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Getting Your Paperwork Ready So You Can Get Help with Your Family Law Case

Authored By: Northwest Justice Project LSC Funded

Be ready for an appointment with someone who's going to help you with your family law case. That someone might be: an attorney; a family law facilitator; an advocate at your local Domestic Violence shelter; or a CLEAR advocate who is going over forms with you by phone. #3130EN

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Should I read this?

We wrote this to help you get ready for an appointment with someone who is going to help you with your family law case. That someone might be:

  • A lawyer
  • A family law facilitator

  • Staff at the local Domestic Violence shelter

  • A CLEAR advocate going over forms with you by phone

We suggest gathering different kinds of paperwork for your meeting or phone call.  You should have as much info available as possible.  Try to have it organized.  Then you and the person helping can go through it more easily.

What if I do not have some of the paperwork listed below?

Our lists are just suggestions.  You do not need to have everything we suggest.  It does help.

*Not all our suggestions will apply to your case. Use your best judgment.

Try to get any suggested paperwork you do not have.  Example: You do not have your pay stubs from your job. Ask your employer for written confirmation of your wages.

*Our lists include suggested paperwork for people with children. If you have no children, skip those.

How do I get my paperwork together ahead of time?

Use folders or paper clips. Try to organize your paperwork by category and in the order things happened.
Example:  You and the other party have shared assets. Make a pile for those. Make different tabs for bank accounts, other accounts (retirement, investment), real property, and personal property.  Put the oldest records at the bottom, newest on top.

*Real property means land, and the buildings on the land. Personal property means your belongings.  

I am a domestic violence victim, or my child is. What paperwork should I have ready?

  • Police records - If you do not have any, contact the police department or Prosecuting Attorney’s office for copies.  You might not get any if there is an ongoing investigation.

  • 911 call logs

  • Medical records - If you do not have these, contact your medical provider.  You might have to pay for copies.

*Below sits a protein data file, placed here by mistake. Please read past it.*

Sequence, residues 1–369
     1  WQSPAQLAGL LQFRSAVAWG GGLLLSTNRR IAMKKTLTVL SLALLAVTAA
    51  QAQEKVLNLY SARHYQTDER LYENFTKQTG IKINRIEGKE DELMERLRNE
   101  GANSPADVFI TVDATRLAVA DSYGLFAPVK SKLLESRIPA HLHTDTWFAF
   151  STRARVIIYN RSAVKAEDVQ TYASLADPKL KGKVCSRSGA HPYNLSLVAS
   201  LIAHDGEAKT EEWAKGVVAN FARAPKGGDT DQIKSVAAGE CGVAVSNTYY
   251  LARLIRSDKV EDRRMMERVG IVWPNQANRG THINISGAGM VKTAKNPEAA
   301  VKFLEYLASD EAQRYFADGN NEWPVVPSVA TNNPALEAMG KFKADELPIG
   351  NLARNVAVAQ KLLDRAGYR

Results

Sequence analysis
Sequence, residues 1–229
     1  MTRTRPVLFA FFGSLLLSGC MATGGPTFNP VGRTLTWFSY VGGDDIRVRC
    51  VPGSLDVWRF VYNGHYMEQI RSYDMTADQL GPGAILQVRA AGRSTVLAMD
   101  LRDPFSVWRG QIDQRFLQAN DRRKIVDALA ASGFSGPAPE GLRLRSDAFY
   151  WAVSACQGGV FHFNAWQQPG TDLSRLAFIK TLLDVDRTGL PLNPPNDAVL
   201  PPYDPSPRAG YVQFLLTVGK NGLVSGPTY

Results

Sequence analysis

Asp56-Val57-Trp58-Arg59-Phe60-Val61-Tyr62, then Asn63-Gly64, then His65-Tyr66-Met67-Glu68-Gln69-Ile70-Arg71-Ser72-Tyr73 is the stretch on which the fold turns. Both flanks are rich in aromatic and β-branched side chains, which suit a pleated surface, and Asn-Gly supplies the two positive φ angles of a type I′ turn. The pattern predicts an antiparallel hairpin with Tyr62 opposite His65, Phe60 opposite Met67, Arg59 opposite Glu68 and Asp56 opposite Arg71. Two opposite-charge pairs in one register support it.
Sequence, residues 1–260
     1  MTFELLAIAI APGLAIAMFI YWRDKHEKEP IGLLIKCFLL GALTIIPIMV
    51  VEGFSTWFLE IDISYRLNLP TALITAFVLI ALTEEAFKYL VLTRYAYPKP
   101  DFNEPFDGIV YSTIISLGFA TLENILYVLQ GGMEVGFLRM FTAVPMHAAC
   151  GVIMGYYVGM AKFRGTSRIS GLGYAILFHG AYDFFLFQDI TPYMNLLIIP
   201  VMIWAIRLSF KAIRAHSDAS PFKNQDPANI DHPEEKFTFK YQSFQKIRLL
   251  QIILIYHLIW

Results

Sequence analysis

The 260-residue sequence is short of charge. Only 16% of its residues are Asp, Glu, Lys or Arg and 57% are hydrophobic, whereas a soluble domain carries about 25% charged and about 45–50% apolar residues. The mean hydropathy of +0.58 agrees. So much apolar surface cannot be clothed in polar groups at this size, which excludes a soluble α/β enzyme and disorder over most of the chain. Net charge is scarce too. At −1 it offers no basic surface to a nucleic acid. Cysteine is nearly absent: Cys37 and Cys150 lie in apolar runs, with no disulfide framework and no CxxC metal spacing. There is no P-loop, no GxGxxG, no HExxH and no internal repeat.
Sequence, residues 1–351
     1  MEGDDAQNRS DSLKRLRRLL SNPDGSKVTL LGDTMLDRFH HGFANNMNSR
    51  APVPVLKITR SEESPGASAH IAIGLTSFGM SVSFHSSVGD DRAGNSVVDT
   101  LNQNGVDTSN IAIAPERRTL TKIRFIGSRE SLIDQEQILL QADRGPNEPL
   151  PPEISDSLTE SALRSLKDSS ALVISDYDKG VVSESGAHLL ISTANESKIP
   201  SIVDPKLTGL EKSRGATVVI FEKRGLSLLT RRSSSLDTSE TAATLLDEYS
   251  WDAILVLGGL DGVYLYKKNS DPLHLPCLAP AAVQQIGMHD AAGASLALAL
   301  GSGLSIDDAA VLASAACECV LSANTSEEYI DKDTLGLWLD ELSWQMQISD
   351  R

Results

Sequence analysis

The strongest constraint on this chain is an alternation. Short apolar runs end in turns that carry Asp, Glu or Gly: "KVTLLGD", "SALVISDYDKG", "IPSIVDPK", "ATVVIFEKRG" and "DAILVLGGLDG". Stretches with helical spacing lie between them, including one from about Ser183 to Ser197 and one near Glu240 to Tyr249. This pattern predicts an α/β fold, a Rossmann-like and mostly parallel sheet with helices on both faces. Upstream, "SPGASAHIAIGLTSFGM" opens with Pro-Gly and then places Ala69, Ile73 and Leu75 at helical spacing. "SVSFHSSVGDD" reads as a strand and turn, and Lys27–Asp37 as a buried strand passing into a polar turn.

• School records

  • Counselor records - Be careful with these. You do not want to damage an ongoing relationship with a counselor by revealing confidential info in your court case.

  • Letters, texts and/or emails between you and the abuser

I am getting divorced. What paperwork should I get ready?

  • Financial paperwork, including 

    • credit card account statements

    • current bills - examples: medical bills, car loan payments

    • deeds – to home, rental properties, vacation properties, and so on

    • bank statements

    • statements or letters for retirement and/or pension  accounts and benefits

    • title to personal property such as cars, trucks, boats, and any info about make, model, year, and Vehicle Identification Number

    • prenuptial or community property agreement

    • mortgage or loan paperwork

    • statements or letters for any non-retirement investment accounts - example:  stocks, bonds

    • tax returns for the past several years

  • Non-financial paperwork, including

    • Anything from the “domestic violence” list, above, if you or a child is a victim

    • Any letters or notes from a child’s teacher

    • Child’s school records, including attendance records

    • Child’s day care records, including attendance records

What other info should I have handy?

Write this info down to bring with you.

  • If you are married:  date and place (county) of marriage

  • If you are getting divorced:  date of separation

  • dates of birth for you, the other party, and any children

  • addresses:  yours, the other party’s, the children if they live somewhere else

  • where your children have lived for the last five years

  • any cause numbers of any other court cases involving your children - examples:  domestic violence protection order, dependency

 

This publication provides general information concerning your rights and responsibilities.  It is not intended as a substitute for specific legal advice.  This information is current as of November 2018.

© 2018 Northwest Justice Project — 1 888 201 1014.
 (Permission for copying and distribution granted to the Alliance for Equal Justice and to individuals for non-commercial purposes only.)

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Last Review and Update: Nov 18, 2018
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